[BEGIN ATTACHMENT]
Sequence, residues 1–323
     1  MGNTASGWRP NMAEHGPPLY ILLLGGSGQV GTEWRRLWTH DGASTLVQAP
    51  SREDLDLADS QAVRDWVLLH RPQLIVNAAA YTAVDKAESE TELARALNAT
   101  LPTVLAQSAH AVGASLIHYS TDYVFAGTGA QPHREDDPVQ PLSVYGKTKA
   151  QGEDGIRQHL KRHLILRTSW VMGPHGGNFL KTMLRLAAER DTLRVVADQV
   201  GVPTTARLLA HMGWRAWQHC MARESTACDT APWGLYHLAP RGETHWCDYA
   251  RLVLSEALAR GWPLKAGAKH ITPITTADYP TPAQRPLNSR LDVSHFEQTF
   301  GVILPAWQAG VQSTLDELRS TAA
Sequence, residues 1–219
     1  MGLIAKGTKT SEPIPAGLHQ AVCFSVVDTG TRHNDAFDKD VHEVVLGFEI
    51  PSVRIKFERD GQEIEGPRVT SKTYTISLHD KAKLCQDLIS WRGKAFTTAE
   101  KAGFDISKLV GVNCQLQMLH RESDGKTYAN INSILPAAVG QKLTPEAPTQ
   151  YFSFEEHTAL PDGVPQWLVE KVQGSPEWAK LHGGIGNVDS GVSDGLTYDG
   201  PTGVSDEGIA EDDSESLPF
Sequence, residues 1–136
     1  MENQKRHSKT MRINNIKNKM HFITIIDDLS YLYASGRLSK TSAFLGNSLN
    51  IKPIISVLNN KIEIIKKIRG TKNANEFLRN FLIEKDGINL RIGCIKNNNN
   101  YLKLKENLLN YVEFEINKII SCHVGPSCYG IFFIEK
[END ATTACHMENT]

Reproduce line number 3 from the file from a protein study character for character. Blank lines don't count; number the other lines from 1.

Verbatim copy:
    51  SREDLDLADS QAVRDWVLLH RPQLIVNAAA YTAVDKAESE TELARALNAT